In clinical trials, those who had received a COVID-19 vaccine were significantly less likely to become sick with COVID-19, to end up in hospital, or to die from COVID-19.
COVID-19 is a relatively new disease and B.C. continues to monitor vaccine effectiveness. We are still learning how our immune system responds to infection and immunization and how long immunity lasts after getting vaccinated.
Research from the BC Centre for Disease Control (BCCDC) show that two doses of COVID-19 vaccines are providing strong protection against COVID-19. This protection has been maintained for at least four months.
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Vaccine effectiveness findings include:
- Two doses prevent about 95% of COVID-19 hospitalizations. Preventing serious outcomes is the main goal of the vaccine program.
- Two doses of either mRNA vaccine was more than 90% at preventing COVID-19 infection. Two doses of the AstraZeneca vaccine were more than 70% effective against infection. People who got one AstraZeneca dose followed by one mRNA vaccine dose (so-called “mix and match”) had protection that was as good as with two mRNA doses.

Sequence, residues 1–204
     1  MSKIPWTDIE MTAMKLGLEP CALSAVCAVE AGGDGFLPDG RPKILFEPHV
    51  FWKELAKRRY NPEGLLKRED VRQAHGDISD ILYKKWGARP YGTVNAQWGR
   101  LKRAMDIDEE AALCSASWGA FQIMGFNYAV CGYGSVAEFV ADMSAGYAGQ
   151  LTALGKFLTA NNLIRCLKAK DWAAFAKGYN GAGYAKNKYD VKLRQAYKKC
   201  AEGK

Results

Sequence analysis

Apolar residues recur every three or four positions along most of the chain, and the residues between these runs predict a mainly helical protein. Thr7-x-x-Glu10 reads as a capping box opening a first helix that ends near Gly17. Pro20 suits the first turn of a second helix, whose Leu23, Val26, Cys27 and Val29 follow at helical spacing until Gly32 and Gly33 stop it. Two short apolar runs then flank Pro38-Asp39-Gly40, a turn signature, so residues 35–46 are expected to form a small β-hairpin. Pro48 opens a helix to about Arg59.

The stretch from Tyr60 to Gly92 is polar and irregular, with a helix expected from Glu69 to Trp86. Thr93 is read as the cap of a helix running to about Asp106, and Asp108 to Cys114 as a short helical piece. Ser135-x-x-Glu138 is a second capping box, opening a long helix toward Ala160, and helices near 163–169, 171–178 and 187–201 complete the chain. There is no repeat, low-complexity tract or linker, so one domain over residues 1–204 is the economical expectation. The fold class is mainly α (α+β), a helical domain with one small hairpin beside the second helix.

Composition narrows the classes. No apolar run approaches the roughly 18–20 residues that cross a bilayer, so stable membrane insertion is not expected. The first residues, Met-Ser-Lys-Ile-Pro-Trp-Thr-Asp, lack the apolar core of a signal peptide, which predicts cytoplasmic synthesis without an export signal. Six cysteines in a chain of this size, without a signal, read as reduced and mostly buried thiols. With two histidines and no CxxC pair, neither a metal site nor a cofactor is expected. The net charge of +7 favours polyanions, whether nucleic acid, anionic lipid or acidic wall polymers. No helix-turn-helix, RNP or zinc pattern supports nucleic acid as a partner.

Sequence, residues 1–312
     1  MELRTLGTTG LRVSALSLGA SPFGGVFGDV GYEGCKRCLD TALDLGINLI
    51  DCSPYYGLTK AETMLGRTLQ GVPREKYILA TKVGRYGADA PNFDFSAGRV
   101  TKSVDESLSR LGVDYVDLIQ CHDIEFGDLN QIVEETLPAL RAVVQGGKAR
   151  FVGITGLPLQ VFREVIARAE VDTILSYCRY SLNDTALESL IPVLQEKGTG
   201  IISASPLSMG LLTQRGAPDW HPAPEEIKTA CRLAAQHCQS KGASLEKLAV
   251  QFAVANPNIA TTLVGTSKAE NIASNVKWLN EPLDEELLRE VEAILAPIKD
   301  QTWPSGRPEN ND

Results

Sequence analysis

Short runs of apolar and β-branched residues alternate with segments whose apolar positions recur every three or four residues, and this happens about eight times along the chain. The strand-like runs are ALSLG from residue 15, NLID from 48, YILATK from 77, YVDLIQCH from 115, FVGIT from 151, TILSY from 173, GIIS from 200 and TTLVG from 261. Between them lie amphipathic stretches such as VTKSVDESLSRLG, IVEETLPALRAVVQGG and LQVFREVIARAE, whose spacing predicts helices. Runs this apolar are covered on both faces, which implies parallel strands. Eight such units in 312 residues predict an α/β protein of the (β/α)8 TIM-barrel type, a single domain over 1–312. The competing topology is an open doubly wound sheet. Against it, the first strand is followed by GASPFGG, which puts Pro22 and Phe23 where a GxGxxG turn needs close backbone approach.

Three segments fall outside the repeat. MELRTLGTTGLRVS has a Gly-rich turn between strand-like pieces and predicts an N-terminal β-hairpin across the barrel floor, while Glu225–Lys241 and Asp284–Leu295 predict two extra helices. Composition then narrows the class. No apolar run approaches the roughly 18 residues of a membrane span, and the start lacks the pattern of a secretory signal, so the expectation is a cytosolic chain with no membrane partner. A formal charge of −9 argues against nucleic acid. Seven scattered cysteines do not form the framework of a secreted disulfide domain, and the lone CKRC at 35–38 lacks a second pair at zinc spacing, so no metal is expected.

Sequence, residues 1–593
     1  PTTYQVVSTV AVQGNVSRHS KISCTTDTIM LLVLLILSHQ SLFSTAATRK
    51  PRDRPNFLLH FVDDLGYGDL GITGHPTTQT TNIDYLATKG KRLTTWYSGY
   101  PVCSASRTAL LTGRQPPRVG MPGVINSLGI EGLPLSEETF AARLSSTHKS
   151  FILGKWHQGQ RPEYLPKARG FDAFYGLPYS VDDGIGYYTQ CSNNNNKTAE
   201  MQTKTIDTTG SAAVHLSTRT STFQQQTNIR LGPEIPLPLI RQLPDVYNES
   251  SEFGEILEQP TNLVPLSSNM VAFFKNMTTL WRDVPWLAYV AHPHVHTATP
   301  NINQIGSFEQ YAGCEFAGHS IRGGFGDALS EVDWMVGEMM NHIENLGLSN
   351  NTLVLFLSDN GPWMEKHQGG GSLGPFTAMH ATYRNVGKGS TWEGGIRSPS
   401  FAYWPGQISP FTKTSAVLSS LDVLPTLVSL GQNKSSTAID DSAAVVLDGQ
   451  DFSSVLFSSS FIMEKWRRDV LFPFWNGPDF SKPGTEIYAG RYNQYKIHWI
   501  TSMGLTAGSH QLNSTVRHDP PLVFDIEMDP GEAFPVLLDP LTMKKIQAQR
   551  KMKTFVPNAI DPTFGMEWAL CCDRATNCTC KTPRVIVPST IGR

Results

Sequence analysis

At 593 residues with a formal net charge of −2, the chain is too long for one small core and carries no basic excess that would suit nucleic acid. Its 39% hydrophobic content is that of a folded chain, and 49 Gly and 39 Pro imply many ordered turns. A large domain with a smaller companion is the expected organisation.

- The vaccines are working similarly well in protecting against infections and hospitalizations due to the Delta variant, despite being more transmissible than other variants.
- Vaccine protection was stronger when people received their second dose more than six weeks after their first dose.
- No signs of waning: Vaccines are providing strong protection of more than 80 to 90 per cent has been maintained at least four months after the second dose.
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vaccine effectiveness findings.
- A single dose of all vaccines available in B.C. (mRNA or AstraZeneca/COVISHIELD) protected well against hospitalization, reducing the risk by more than 80%. Learn about the results.
- A single dose of a COVID-19 mRNA vaccine reduced the risk of getting COVID-19 by two-thirds in adults 70 years of age and older during the peak of the spring 2021 wave in B.C. when Alpha (B.1.1.7) and Gamma (P.1) variants made up 70% of circulating strains.
Read the paper.
- Risk reduced by 80% in long-term care residents and health care workers, the first people to be vaccinated in B.C. There was also a reduction in hospitalizations and deaths among vaccinated long-term care residents.
Learn about the results.
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B.C. Surveillance Dashboard provides:
- Vaccination coverage for your health authority, community and by age. COVID-19 vaccination coverage is the percentage of people who have received one or more doses of COVID-19 vaccine in relation to the overall population.
- Information about cases and hospitalizations by vaccination status.
Find the number of COVID-19 vaccine first and second doses administered in B.C. on the British Columbia COVID-19 Dashboard. Refer to the “Vaccine Information” tab on the bottom to see the number of doses administered (i.e. injected) and the number of doses distributed (i.e. shipped to BC).